Special Report: Total Eclipse - Tri-State News, Weather & Sports

Special Report: Total Eclipse


American skywatchers are going to witness something most of us haven't seen in our lifetimes.

It's a total solar eclipse. And it's being called the Great American Eclipse. It will happen on August 21, 2017.

On that day, the moon will pass directly in front of the sun, creating a 60-mile wide path of its shadow, that sweeps its way across the country... from coast to coast. And YOU won't want to miss it.

"I've experienced one eclipse.  And it was a doozy," said Mitch Luman with the Evansville Museum. "We can expect if it's clear, the sky will darken, the moon will cover the sun. We'll have for 2 minutes and 40 seconds, darkness where you can see the outer atmosphere of the sun. You can't see it except during this time. The moon is the blackest black you've ever seen. And the stillness that everyone experiences is really something that is a once in a lifetime event." 

The moon's shadow isn't the only thing that's likely to get your attention.

"Another noticeable thing is that the temperature will drop like 10 to 15 degrees  when the sun gets completely covered. And that's pretty spectacular," said Mike Borman, with the Evansville Astronomical Society. "You'll start noticing effects with animals. Birds and such will start acting like it's sunset."

In the days leading up to the eclipse, tens of thousands of people will be converging upon western Kentucky.

Places like Evansville will only see a deep PARTIAL eclipse of about 99%. But if you live in the Tri-State, you're in a great jumping off spot. Totality is just an hour and 20 minutes away... in Hopkinsville, Kentucky.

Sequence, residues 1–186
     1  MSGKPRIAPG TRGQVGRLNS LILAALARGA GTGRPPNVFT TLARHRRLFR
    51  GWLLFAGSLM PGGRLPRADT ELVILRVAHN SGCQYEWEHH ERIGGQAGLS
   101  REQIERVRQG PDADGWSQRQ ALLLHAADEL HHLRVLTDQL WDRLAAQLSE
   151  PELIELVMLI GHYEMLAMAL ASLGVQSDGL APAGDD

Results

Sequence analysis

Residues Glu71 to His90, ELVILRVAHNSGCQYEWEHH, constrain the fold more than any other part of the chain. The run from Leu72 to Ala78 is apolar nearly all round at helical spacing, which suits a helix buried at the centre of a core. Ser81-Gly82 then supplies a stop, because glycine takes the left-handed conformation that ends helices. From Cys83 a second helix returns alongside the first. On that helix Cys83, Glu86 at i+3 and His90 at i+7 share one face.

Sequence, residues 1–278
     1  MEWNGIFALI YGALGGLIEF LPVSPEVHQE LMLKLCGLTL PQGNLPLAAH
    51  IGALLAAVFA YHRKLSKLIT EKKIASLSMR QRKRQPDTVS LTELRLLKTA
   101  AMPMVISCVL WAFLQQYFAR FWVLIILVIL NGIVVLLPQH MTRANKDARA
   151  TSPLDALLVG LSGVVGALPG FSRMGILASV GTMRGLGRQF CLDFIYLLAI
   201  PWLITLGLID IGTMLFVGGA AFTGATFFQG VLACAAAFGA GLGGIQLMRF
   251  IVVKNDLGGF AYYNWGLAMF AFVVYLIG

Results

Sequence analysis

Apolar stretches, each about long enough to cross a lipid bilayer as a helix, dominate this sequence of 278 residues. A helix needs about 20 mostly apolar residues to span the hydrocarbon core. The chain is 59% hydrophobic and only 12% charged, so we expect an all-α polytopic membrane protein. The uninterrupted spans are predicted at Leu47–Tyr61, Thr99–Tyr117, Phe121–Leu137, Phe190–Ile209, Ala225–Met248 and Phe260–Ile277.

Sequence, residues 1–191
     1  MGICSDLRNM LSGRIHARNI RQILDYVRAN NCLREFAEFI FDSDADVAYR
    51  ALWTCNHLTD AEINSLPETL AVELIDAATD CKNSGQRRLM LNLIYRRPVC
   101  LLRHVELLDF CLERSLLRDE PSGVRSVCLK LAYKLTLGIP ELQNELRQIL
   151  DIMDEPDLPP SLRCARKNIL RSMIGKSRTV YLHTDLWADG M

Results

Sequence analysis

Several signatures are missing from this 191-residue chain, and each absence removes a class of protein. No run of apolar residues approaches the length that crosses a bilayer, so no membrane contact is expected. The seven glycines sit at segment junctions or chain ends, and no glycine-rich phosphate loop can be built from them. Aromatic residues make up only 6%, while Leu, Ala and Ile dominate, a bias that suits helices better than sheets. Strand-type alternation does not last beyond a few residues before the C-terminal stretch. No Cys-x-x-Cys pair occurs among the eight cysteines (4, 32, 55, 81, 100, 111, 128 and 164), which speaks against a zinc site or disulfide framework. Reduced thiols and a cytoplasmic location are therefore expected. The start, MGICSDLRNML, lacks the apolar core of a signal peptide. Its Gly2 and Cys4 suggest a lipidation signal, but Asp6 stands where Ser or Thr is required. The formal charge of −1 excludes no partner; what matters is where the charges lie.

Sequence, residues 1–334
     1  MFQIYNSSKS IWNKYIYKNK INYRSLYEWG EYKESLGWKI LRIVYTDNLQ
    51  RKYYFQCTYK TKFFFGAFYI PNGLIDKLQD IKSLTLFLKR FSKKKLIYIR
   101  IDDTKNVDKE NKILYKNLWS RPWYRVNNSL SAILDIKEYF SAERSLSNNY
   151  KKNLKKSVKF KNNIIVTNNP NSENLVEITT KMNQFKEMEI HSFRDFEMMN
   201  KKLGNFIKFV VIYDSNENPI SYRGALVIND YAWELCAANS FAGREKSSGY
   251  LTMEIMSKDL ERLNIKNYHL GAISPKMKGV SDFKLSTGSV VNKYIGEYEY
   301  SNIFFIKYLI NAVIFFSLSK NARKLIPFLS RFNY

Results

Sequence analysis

"We are at the point, we are basically at the center where the sun the moon and the Earth line up almost exactly in a straight line as close as possible," said Scott Bain, Hopkinsville Community College Associate Professor. "So we are the special point for that reason."

They've been planning for years to host a slew of visitors... And they're not taking this opportunity for granted.

Scott Bain: "To have it happen in your own backyard where you just have to step outside and look up to see it is rare because the total eclipse is visible from such a small area, just a strip of land across the world."

And no matter what area you are located, the message is clear.

"Eclipses don't happen that often and when they do, you should take advantage of it," said Luman. "The sun is in our sky every day. To see it covered by the moon is unlike anything you'll ever experience. The darkness, the wonder, the blackness of the moon, the outer atmosphere of the sun that you only see during these events. It won't happen very often and this is one that you will not want to miss."

"You definitely want to take the day off of work to see this thing. I mean this is one of the most spectacular things that you can see," said Borman. "You don't want to miss it." 

The Evansville Museum, Astronomical Society and the city of Hopkinsville are all getting prepared for this event with information and workshops. 

We'll be there over the coming months to make sure that you don't miss your opportunity to cash in on this lifetime event. But if you do happen to miss it, you will have a rare second chance to see one in our area again, in the year 2024.

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